Last summer, the DEC filed for — and approved — four parking spaces in a .2-acre lot at the west end of Beach Way, a private road at the end of Edwards Avenue overlooking the Long Island Sound. The application calls for the removal of approximately 100 cubic yards of sand to be replaced with pervious material to facilitate car use. In addition, it proposes removing an existing gate on the site and installing guard rails along the perimeter of the parking area.
The .2-acre site abuts a larger, 81-acre parcel also owned by the DEC — land the agency says it wants to open to the public. In 2005, those lands, called the Baiting Hollow Wetlands and Beach, were added to a list of “significant coastal fish and wildlife habitats” by New York State’s Department of State.
“Any activity that would disturb or eliminate marsh, natural beach, and duneland plant communities would result in a loss of valuable wildlife species,” the designation states. The 81-acre property — one of about 250 such areas statewide — is considered “an important nesting site” for the endangered piping plover and the threatened least tern, according to the DOS.
But members of the Baiting Hollow Beach Association argue that the DEC’s application ignored that designation. And because the application was deemed to have a minor impact on the environment, notification otherwise required was not given, and neighbors were unaware of the permit until weeks after it was filed. One homeowner, Roger Schilling, said he heard about the permit in passing as he tried to obtain repair permits for his own property.
But by then, it was too late to challenge the DEC’s permit, as a 30-day window had already passed by the time homeowners filed suit.
“As soon as we heard about it, we brought [the legal challenge,]” Mr. Isler said.
Mr. Schilling said the project would require some “major dune bulldozing” to clear land for the parking spaces.
“Part of that dune is what saves the back row of houses [on Beach Way] from flooding,” he said. “That’s why this is one of the things that infuriates us, by calling it a minor project. It’s a major project.”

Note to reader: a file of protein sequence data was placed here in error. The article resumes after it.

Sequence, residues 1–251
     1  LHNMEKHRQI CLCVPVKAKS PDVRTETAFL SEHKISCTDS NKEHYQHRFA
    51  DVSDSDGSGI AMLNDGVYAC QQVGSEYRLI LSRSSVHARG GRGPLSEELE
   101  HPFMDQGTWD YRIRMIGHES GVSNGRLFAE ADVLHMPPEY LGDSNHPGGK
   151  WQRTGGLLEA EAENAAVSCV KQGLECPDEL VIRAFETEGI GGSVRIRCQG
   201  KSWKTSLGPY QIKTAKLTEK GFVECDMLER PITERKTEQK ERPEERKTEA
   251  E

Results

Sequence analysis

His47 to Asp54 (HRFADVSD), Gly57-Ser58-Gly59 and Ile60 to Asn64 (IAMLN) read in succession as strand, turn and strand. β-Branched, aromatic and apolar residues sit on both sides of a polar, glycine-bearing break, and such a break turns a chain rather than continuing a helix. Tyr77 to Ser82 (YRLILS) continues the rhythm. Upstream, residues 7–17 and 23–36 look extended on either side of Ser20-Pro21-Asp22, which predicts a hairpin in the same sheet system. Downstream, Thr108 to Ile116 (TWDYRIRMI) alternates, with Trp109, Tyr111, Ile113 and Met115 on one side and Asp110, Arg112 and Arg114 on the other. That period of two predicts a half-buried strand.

Riverhead Town is now one step closer to being able to sell individual lots at the Enterprise Park at Calverton.
The town has received a draft environmental impact study for its EPCAL reuse plan — a plan that seeks to subdivide the former Navy site into 50 lots and recommends a mix of business, residential and light industrial uses on about 600 acres of town-owned land.
The reuse plan is an attempt to replace the jobs that were lost when Grumman Corporation vacated the site in the mid-1990s.
The town paid nearly $450,000 for the study in 2011, and earlier this year approved over $160,000 in additional expenses attributed largely to negotiations with the Department of Environmental Conservation.
The Town Board plans to hold a special meeting at 10 a.m. tomorrow to schedule a Sept. 3 public hearing at 7 p.m. on the DEIS, according to Supervisor Sean Walter.
He expects the study to become finalized by the end of the year and for the 50-lot industrial subdivision the town is proposing at EPCAL to be approved by the town Planning Board shortly after.
The town cannot sell individual lots at EPCAL until they are formally subdivided. It also will need state Department of Environmental Conservation approval for its EPCAL reuse plan, since part of it is located within the boundaries of the state’s Wild, Scenic and Recreational Rivers Act, which places restrictions on development near the Peconic River, Mr. Walter said.
Gov. Andrew Cuomo is hosting a number of meetings to better understand groundwater resource needs in Nassau and Suffolk counties, in hopes of developing a wastewater management plan for the region.
On Monday, state and local officials, environmental and business leaders and researchers will be on hand discuss issues related to wastewater, septic systems and possible future solutions.
The meeting will be held from noon to 4 p.m. at Stony Brook University’s Charles B. Wang Center, according to a statement from the Department of Environmental Conservation.
Representatives from the DEC , Stony Brook University, the Town of Southampton, Environmental Facilities Corporation and the Governor’s Office of Storm Recovery are expected to speak.
The plan’s goal will be to increase resiliency against future storms, improve water quality and provide additional protections for Long Island’s groundwater resources, according to the release.
On May 28, discussion will be opened up to the public for an evening meeting. The public can also submit written comments at Monday’s meetings or by emailing firstname.lastname@example.org.
Information on where the May 28 meeting will be held has not yet been released.
A final meeting scheduled for June will present recommendations on how to address wastewater and septic problems to Mr. Cuomo, the release states.